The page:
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Threat Hunting – Outbound RDP Surprises

2020-03-10 11:43

Opener

Through threat hunting, an organization can break away from a reactive approach to identifying incidents and evolve into a proactive operation that actively looks for incidents. The high-level threat hunting pipeline consists of taking a hypothesis built around threats specific to the organization, lab testing and validating the hypothesis, implementing security operation detection, testing live-fire production alerts and detection, and periodic tuning of the deployed detection.

The goal of this blog post is not to dissect the threat hunting process or dive into the various hunting strategies and tactics. Rather, the intent is to show the importance of focusing on a legitimate protocol within a threat hunt engagement that can be easily used for potential data exfiltration, hide in plain sight with other normal traffic, and go unnoticed by a security operations center (SOC) that is untrained to identify potentially suspicious network behavior.

I will walk through an interesting remote desktop protocol (RDP) session that I came across while on a threat hunt engagement and the pivoting process I took to identify the surprising destination device handling the connection. I will identify shortcomings within the network security design that could have proactively blocked the network connection, call out the importance of being aware of daily network traffic patterns and establishing baseline monitoring, and highlight outliers that should easily raise red flags.

Note: Specific low-level information is deliberately excluded to respect the privacy of the client in which this information was identified.

Let the Hunting Begin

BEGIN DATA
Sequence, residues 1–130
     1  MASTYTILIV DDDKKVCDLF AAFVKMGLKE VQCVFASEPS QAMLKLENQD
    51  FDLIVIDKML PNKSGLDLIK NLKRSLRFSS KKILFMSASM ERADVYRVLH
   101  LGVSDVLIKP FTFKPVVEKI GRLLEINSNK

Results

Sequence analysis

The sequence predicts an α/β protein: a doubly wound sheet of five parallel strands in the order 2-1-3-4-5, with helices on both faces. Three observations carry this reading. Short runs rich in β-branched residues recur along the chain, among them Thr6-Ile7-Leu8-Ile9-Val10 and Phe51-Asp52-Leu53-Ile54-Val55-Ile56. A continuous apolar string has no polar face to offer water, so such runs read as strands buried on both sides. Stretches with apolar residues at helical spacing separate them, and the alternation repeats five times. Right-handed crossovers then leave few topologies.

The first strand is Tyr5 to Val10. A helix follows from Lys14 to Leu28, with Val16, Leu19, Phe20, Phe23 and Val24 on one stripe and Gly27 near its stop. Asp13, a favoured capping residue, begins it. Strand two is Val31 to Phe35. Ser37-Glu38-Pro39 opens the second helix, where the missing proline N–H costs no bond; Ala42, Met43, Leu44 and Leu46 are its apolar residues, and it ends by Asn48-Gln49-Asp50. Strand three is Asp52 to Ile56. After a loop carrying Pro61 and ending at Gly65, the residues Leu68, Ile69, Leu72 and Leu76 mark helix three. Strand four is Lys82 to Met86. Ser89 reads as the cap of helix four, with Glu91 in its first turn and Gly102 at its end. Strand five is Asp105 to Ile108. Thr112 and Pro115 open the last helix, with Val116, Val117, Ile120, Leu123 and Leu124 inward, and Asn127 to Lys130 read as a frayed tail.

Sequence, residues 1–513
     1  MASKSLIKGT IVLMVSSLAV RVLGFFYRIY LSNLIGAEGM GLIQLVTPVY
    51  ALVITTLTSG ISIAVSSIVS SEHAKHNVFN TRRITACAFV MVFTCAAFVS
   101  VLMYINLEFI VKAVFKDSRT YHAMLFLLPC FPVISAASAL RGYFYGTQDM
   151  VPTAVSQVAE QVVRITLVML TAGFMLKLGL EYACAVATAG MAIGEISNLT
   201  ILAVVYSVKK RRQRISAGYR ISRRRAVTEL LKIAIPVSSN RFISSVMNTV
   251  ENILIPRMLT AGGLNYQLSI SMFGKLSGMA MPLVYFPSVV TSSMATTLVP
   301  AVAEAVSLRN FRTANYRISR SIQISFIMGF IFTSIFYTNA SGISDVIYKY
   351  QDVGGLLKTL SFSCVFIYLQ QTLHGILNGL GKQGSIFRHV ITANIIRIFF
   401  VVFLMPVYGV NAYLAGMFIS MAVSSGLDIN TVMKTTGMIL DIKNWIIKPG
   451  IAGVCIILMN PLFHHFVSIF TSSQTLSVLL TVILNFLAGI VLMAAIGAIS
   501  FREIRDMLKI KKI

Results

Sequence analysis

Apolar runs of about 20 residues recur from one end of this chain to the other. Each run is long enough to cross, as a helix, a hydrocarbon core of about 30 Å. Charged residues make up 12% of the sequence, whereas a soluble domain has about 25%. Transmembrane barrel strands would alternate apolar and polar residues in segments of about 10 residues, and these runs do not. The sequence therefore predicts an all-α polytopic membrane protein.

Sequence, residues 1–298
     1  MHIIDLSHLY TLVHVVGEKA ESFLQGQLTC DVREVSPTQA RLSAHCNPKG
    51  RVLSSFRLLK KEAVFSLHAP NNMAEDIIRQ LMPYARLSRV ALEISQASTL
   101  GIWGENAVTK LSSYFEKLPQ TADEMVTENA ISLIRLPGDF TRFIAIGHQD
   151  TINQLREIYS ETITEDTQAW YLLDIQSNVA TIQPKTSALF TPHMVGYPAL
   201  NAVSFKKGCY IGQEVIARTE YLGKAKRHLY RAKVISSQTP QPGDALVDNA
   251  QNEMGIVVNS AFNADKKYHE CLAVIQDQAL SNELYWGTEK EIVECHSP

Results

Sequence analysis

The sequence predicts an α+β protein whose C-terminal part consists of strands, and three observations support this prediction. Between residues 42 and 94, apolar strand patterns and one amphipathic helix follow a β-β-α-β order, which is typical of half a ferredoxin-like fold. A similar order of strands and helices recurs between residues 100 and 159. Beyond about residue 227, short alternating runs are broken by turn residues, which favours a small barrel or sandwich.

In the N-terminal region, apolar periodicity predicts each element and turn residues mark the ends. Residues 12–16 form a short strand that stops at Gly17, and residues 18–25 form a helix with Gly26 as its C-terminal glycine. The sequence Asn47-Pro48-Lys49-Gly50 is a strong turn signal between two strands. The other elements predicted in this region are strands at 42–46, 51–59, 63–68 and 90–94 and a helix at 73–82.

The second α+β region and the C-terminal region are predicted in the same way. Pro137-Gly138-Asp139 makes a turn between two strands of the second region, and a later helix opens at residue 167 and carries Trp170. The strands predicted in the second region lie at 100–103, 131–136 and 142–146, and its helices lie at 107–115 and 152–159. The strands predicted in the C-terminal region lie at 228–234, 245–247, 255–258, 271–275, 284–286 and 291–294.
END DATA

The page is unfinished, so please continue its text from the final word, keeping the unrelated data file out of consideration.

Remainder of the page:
The threat hunt process began with a decision to focus on outbound RDP traffic originating from the internal network with suspicious foreign countries as the destination. This was not as simple as it sounds because the client had a geographical presence across the entire globe.

The initial hunt started off with a Security Information and Event Management (SIEM) query that focused solely on the RDP protocol, excluded all internal subnets as the destination, and then filtered out all known client-owned external destination IP addresses. By taking this approach, a suspicious foreign country of interest bubbled to the surface: Hungary.

Further Validation Required

Although the client identified they have a security service provider in that physical location, this insecure type of connectivity should not have been taking place.

Defensive Hardening

An egress firewall access control list (ACL) should be implemented to restrict non-business required port communication, such as allowing only TCP Ports 80, 443, 25, and 53.

Let the Pivoting Commence

Now that I had a finding of interest, it was time to dig in to see how far this journey would take me.

Pivot #1